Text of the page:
Most people have their favorite recipe. Whether it’s been passed down for generations, found in the back of a well-thumbed (and well-stained) cookbook or received from a friend just last month, challah recipes are not hard to come by.
You have your favorite, and that’s fine. I have a recipe too, but I’m not looking to convert you. I’m just looking to help you make the best challah possible.

Here are some things that doom perspective challah makers:

  • Dead yeast: If you’re not sure how long that packet of yeast has been lying around, chuck it. Store your yeast in the fridge, and be very conservative when it comes to sell-by dates. Proof your yeast in warm water with a little sugar before adding your other ingredients. If after 10 minutes, it isn’t bubbly and smelling strongly of yeast, you need to buy a new jar.
  • Not enough rising time: Bread can’t be rushed. I know you’re probably really busy, with a load of laundry in and your kids running out the door and you’re late for an appointment – but that doesn’t mean you can stick the challah in the oven early. Let the dough rise in two stages – once after mixing and once after shaping – for 45 minutes to an hour, and longer in the winter.
  • Cutting: All that kneading and mixing you’ve been doing is not for waste – you’re developing gluten strands. So don’t negate all your hard work by ripping apart the challah and breaking all those strands. When it comes time to divide the challah for braiding, use a sharp knife or bench scraper to cut the right-sized pieces, resulting in less breakage to your proteins.
  • Shaping: Challah is braided, right? Right (mostly). But your pigtail-making techniques are not going to come in handy here: the best looking challahs are based on 4 strands, not 3. This is a helpful guide. And make sure you seal the ends so all your hard work doesn’t unravel in the oven. A good way to accomplish this is to use the sides of your hands to gently saw through the ends of the braided challah about a centimeter from each end. This will effectively seal all the strands together.

Here are a few things you should be doing:

  • Flour: Yes, you can make challah with all-purpose flour. But why would you when bread flour is available so easily, and makes a superior product?
  • Precision: I’ve baked in cups for a long time. It’s easy. But guess what – so is weighing. And it’s much more accurate. Invest the $20 for a scale – you’ll get precise measurements, you’ll be able to follow recipes down to the last gram, and your taste buds will thank you.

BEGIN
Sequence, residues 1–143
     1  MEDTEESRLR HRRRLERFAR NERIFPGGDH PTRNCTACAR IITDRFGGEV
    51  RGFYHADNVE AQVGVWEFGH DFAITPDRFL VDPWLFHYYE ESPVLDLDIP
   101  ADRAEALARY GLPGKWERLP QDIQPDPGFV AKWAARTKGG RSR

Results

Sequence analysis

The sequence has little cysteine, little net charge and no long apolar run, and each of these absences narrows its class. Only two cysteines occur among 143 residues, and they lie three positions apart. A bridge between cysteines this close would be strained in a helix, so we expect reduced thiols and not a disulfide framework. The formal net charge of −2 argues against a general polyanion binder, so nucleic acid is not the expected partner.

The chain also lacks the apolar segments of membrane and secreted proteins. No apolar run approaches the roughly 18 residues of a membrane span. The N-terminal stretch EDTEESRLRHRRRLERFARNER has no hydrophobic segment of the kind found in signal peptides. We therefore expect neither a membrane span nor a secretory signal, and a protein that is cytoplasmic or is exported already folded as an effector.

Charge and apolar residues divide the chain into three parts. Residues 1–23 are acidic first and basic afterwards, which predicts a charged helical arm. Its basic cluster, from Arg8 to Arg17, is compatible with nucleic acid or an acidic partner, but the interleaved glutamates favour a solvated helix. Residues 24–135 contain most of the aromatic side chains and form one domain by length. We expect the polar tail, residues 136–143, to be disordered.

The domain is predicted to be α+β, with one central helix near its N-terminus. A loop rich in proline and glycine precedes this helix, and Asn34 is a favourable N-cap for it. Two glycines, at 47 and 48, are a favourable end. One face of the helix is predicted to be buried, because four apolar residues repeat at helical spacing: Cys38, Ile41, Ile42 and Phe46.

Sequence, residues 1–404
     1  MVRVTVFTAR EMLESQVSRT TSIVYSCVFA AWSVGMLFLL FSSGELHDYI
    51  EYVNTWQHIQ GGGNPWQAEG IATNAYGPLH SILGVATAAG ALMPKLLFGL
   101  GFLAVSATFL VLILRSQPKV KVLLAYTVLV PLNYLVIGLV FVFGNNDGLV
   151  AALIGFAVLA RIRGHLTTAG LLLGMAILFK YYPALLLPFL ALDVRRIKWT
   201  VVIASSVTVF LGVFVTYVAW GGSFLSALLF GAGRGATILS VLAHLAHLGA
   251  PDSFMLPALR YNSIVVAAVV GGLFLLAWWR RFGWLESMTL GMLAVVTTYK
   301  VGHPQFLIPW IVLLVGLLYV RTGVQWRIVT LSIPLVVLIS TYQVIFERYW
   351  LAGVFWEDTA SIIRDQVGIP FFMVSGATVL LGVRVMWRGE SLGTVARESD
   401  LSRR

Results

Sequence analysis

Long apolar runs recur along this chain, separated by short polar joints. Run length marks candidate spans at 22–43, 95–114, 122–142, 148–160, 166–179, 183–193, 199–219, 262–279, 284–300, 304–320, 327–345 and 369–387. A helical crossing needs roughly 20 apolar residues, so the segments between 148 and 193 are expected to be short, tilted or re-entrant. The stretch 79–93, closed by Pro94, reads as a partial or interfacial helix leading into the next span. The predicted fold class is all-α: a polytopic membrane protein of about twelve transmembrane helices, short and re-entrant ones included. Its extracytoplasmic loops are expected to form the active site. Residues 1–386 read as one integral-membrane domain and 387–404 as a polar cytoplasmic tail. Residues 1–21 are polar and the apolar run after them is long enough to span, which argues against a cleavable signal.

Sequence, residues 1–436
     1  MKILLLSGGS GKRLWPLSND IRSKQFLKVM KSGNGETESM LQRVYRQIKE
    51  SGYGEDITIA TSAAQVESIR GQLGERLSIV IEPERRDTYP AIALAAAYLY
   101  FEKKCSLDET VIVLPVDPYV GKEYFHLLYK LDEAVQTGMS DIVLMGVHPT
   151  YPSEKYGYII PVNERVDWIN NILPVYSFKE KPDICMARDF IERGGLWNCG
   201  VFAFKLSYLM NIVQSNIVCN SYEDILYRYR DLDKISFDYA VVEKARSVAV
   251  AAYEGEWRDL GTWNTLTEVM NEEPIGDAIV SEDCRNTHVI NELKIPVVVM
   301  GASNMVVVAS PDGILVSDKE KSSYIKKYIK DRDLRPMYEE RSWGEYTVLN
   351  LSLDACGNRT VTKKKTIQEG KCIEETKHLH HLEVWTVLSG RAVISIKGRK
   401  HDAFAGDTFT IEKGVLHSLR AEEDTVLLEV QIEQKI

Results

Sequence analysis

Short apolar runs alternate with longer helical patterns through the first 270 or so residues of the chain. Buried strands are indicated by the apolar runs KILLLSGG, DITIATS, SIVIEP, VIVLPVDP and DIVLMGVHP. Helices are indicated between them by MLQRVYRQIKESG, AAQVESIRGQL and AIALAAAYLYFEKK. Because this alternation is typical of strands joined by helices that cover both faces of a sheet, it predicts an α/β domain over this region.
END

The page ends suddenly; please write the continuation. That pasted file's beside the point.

Well, I’ve armed you with the knowledge, and I’ll give you a recipe to get started if you don’t have your own. In weights, of course!

Challah – makes 3 large loaves

320g/11 ounces water
80g/3 ounces sugar
12g/0.5 ounces salt
60g/2 ounces oil
100g/3.5 ounces eggs (approximately 2 large eggs)
800g/28 ounces bread flour
12g/0.5 ounces instant dry yeast
Egg, for brushing
Sesame seeds (optional)

Add the water, sugar, salt, oil and eggs to a large bowl. Top with the flour and yeast. Mix well, in a mixer with a dough hook attachment or with a wooden spoon. Mix on low to moisten all the ingredients, then on medium for about 8 minutes until the dough has completely gathered together and is worked well. By hand, it should take 10 to 12 minutes of kneading, and the dough should spring back when poked.
Remove the dough from the bowl or mixer, on to a lightly floured surface. Dust with flour, cover with a cloth or plastic wrap, and let rest for 45 minutes to an hour. When you poke the dough now, it should hold the indentation.
Using a knife or bench scraper (do not rip by hand), and working on a floured surface, divide the dough in to 3 equal pieces. Take one of those pieces, then cut in to 4 equal pieces.
Working with one piece at a time, flatten it out in to a rectangle, then roll up tightly, pressing to seal, in to a cylinder. Roll out in to a long thing rope. Continue with the remaining pieces.
Press the 4 ropes together at the top to seal, then braid in the following pattern: 4 over 2, 1 over 3, 2 over 3, repeat. The numbers reset after every turn, so there is no keeping track of which piece is which.
After braiding, brush with the egg wash (reserve what is left) and let rise for an additional 30 to 45 minutes. Brush again with the egg, top with sesame seeds if using, then bake on 160 C/320 F for 30 to 40 minutes. Let cool.